Improving Adherence and Clinical Outcomes in Self-Guided Internet Treatment for Anxiety and Depression: A 12-Month Follow-Up of a Randomised Controlled Trial
MetadataShow full item record
Background: A recent paper reported the outcomes of a study examining a new self-guided internet-delivered treatment, the Wellbeing Course, for symptoms of anxiety or depression. This study found the intervention resulted in significant symptom reductions. It also found that automated emails increased treatment completion and clinical improvements in a subsample with elevated anxiety and depression. Aims: To examine the clinical outcomes and the effect of automated emails at 12 months post-treatment. Method: Participants, who were randomly allocated to a Treatment Plus Automated Emails Group (TEG; n = 100), a standard Treatment Group (TG; n = 106) or delayed-treatment Waitlist Control Group (Control; n = 51), were followed up at 12 months post-treatment. Eighty-one percent, 78% and 87% of participants in the TEG, TG and treated Waitlist Control Group provided symptom data at 12-month follow-up, respectively. The primary outcome measures were the Patient Health Questionnaire-9 Item Scale (PHQ-9) and the Generalized Anxiety Disorder-7 Item Scale (GAD-7).Results: Significant improvements in symptoms of anxiety and depression were observed over time in both the TEG and TG (Fs >69, ps <.001) these were sustained from post-treatment to 12-month follow-up (ps >.05), and were associated with large effect sizes. No statistically significant differences in symptoms were found between the TEG and TG at post-treatment, 3-month or 12-month follow-up. Previously reported symptom differences between TEG and TG participants with comorbid symptoms were no longer present at 12-month follow-up (ps >.70).Conclusions: The overall benefits of the Wellbeing Course were sustained at 12-month follow-up. Although automated emails facilitated Course completion and reductions in symptoms for participants with comorbid anxiety and depression from pre-post treatment, these differences were no longer observed at 12-month follow-up. The results indicate that automated emails promote more rapid treatment response for people with elevated and comorbid symptoms, but may not improve longer term outcomes.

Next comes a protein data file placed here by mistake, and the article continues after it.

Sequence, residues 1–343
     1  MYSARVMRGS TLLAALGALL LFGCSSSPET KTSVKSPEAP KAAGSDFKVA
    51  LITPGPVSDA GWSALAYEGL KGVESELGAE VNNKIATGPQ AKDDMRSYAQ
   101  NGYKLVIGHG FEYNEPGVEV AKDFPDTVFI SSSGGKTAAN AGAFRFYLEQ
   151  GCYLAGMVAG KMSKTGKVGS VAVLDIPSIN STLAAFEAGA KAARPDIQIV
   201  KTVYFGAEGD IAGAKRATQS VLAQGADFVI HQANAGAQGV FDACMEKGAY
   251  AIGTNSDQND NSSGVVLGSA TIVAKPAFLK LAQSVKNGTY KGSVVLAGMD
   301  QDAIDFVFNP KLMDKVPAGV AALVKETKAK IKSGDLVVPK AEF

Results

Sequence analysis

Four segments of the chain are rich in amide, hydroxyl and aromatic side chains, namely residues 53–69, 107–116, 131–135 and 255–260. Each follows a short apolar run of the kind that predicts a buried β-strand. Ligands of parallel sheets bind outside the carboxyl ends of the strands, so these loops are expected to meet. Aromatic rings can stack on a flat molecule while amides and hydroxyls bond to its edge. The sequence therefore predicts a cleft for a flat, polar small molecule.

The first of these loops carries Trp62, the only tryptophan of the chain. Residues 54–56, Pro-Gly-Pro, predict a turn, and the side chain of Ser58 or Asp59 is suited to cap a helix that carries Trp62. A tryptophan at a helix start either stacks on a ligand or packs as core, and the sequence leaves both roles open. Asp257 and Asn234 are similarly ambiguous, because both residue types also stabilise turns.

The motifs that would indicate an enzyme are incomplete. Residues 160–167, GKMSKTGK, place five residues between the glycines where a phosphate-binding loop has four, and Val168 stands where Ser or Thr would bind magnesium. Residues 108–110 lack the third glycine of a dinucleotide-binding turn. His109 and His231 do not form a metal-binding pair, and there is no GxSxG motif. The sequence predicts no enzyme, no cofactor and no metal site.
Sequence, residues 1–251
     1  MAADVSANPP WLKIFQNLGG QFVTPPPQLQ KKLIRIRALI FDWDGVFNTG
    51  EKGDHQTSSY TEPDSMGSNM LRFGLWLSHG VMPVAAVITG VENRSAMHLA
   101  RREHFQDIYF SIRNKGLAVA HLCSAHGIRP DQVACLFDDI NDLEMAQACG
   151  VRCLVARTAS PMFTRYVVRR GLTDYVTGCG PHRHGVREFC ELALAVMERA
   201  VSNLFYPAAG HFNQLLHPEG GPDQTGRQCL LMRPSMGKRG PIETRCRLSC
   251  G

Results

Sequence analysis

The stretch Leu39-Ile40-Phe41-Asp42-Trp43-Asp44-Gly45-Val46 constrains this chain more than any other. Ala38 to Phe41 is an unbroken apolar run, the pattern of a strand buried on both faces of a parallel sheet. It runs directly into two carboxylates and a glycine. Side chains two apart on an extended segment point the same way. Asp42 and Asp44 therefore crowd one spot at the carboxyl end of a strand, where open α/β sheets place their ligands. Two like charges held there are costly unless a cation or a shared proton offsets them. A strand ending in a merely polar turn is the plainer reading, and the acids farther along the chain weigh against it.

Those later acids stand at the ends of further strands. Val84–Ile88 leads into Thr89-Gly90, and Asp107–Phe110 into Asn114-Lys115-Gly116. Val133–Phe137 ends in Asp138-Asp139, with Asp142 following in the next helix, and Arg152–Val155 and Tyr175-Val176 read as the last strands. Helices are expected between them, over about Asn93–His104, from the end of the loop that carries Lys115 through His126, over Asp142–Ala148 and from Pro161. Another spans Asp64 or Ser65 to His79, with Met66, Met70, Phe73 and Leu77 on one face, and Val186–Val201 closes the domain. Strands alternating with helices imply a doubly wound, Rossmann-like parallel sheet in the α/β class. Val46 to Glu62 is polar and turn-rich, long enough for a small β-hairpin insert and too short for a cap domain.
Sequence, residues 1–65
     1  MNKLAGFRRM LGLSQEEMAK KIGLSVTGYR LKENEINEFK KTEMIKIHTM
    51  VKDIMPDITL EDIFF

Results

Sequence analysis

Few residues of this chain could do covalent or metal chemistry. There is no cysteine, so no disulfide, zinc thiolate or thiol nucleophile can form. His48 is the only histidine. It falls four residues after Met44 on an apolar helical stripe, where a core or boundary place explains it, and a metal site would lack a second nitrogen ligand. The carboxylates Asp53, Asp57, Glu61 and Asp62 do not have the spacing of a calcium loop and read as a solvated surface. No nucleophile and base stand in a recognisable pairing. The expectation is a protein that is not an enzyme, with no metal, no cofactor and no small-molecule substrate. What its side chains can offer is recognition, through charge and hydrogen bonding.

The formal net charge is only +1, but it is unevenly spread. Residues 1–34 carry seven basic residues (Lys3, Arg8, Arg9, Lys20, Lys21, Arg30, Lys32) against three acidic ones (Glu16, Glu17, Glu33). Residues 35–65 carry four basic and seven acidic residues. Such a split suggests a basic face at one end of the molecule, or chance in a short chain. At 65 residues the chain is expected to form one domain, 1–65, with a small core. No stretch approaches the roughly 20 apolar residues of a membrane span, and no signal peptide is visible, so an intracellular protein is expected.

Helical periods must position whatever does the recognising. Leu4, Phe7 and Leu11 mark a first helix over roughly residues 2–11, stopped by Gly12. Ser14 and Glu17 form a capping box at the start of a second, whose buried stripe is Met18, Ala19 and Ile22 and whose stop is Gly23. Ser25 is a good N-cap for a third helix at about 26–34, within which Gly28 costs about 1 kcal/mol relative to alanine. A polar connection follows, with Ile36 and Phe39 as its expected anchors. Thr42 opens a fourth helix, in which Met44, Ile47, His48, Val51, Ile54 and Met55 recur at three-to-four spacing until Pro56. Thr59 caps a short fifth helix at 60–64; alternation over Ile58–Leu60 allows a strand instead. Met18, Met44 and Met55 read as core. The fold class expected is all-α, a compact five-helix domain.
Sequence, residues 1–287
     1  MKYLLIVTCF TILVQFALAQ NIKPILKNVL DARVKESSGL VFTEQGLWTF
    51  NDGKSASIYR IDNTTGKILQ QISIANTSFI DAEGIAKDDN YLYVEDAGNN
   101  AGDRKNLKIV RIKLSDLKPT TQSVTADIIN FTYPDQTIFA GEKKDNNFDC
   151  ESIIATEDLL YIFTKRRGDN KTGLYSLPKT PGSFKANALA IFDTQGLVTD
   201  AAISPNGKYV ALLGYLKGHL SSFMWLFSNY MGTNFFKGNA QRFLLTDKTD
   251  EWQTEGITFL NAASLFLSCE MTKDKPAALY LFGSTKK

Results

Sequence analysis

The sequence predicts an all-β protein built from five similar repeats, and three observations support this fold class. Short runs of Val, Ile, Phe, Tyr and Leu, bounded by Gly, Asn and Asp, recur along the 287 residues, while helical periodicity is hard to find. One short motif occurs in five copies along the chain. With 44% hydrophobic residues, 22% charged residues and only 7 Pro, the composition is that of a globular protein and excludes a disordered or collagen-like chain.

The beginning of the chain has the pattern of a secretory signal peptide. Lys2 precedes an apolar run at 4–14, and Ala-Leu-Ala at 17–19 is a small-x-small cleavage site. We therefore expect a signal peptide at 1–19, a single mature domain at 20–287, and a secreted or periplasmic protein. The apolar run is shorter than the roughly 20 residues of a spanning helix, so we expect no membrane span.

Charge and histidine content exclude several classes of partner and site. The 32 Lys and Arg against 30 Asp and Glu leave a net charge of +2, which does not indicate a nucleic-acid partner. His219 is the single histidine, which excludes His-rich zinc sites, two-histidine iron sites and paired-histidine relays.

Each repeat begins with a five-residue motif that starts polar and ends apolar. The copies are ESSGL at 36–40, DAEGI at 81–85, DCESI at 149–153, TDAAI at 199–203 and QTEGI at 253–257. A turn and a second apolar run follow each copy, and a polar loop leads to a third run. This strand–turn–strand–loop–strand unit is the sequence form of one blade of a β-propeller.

This article is published under the Open Access publishing model and distributed under the terms of the Creative Commons Attribution License http://creativecommons.org/licenses/by/4.0/ Please refer to the licence to obtain terms for any further reuse or distribution of this work.
Showing items related by title, author, creator and subject.
Titov, N.; Dear, B.; Schwencke, G.; Andrews, G.; Johnston, L.; Craske, M.; McEvoy, Peter (2011)Disorder-specific cognitive behavioural therapy programs delivered over the internet (iCBT) with clinician guidance are effective at treating specific anxiety disorders and depression. The present study examined the ...
Titov, N.; Dear, B.; Schwencke, G.; Andrews, G.; Johnston, L.; Craske, M.; McEvoy, Peter (2011)Disorder-specific cognitive behavioural therapy programs delivered over the internet (iCBT) with clinicianguidance are effective at treating specific anxiety disorders and depression. The present study examined the efficacy ...
Watson, Hunna J (2007)It is of crucial importance to identify and disseminate effective treatments for paediatric obsessive-compulsive disorder (OCD). OCD is time-consuming and distressing, and can substantially disable functioning at school, ...